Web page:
For most non-profits, grant fundraising can often seem like a crapshoot – you do some research, write some grants, and then wait for the mail to see which way the dice rolled. Sometimes you get two or three bites from foundations, sometimes none at all.
Grant fundraising doesn’t need to be frustrating, so long as you do it the right way. If you want to be successful with grants, you need to go into it with your eyes open, remembering these basic facts of grantwriting:
First, foundations are fickle… far more fickle than individual donors. Grantmakers change their guidelines on a whim, move into different mission fields, set seemingly arbitrary rules, and in some cases will reject your application for reasons having nothing to do with the outcomes your non-profit is producing.
For this reason, grants should never be your primary source of fundraising. You should always put most of your emphasis on individual giving, and use grants to supplement those efforts.
Second, grantwriting is a numbers game. Many foundations and grant consultants will tell you otherwise – they will say that you need to select a few, highly targeted foundations and spend weeks lovingly crafting your applications. You need to fully customize each application to ensure that it matches the grantmaking organization. And, if you don’t win the grant, it means you did something wrong and need to wait and try again next year.
Baloney. If you are only writing 2-3 grants per year, it is highly unlikely that you will ever receive grant funding. Grantwriting is a numbers game. You need to submit lots of grants if you want to win. You need to make sure you are meeting all of the application requirements for the grants you are seeking, but also need to send out lots of applications. In my experience, if you are writing good, solid grant applications, you will win 1 out of every 5-7 grants you apply for.
If you understand both of these points, you’re ready to launch into grant fundraising. Here are some tips for winning more grants for your non-profit:
#1 – Have a Grantwriting System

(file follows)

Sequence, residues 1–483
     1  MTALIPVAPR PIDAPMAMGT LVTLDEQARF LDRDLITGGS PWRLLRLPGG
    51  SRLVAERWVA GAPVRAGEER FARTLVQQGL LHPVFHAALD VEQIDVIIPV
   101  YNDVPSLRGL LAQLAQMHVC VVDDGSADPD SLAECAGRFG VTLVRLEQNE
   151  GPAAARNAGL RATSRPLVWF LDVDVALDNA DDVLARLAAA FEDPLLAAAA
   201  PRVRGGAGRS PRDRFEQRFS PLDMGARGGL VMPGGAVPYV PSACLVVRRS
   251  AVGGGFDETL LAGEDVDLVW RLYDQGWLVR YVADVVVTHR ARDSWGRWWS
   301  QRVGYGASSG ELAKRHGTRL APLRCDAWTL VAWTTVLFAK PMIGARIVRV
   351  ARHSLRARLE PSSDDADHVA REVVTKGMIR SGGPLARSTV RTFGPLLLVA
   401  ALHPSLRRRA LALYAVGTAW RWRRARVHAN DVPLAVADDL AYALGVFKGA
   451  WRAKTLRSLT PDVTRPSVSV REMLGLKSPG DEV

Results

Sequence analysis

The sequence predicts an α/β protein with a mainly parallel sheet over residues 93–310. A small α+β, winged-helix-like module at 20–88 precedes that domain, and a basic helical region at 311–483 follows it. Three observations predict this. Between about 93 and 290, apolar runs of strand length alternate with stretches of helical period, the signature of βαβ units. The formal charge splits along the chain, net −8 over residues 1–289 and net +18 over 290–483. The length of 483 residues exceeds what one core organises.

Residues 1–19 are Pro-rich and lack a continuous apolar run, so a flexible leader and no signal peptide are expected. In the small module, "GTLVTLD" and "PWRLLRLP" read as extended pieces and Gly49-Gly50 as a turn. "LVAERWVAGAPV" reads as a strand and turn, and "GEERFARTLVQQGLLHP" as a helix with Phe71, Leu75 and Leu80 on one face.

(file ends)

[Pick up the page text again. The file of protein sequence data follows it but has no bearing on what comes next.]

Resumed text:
Every non-profit that is seeking grants need to put a grantwriting system into place for their organization. A “grantwriting system” is simply a step-by-step process that you go through each year to win grant funding, and should include the following steps:
– Project Selection: What projects at our organization would be good candidates for grant funding this year?
– Research: What foundations would be good fits for funding our non-profit this year?
– Templates: Your non-profit shouldn’t be writing each grant from scratch. You should have 2-3 grant templates that address each of the projects that you want to fund through grants. For each grant application you submit, simply modify the template 5-10% to meet the grant application criteria.
– Grant Calendar: What are the deadlines (letters of intent and grant applications) for the grants we intend to seek this year?
– Responsibilities: Who will be responsible for submitting each of our grant applications?
Put a grantwriting system in place at your non-profit so that you don’t need to reinvent the wheel each year as you seek foundation funding.
#2 – Use Well-Trained Volunteers for Grant Research
Many smaller and mid-sized organizations successfully use well-trained volunteers to conduct grant research. These non-profits will show a handful of volunteers how to use a tool like the Foundation Center Online (either a paid version or a free version available at a Regional Foundation Center), and then set those volunteers to work looking for grants that might work.
If you decide to use this strategy, my advice is tell the volunteers that when in doubt, they should include the grant as a possibility – you want them bringing you back too many grant options, rather than too few. Once the volunteers have returned with their work, the Development Director or grantwriter can sit down and look through the options to decide which are the best fit.
#3 – Don’t Be Afraid to Pick Up the Phone
Many grant fundraisers are afraid to pick up the phone to call foundations and discuss their grant applications. Don’t be. I know that many foundations like to act like they are the Great and Powerful Oz sitting high above the fray below, but they are just like any other donor… and just like any other donor they sometimes need to be cultivated and nudged.
To be sure, there are some foundations that loudly proclaim, “Don’t call us, we’ll call you.” If that’s the case, respect their wishes. But for other grantmakers, there’s nothing wrong with picking up the phone to ask questions about their grant guidelines, check to make sure an application was received, and when being rejected for a grant… calling to see what you can do next time to make sure you get approved.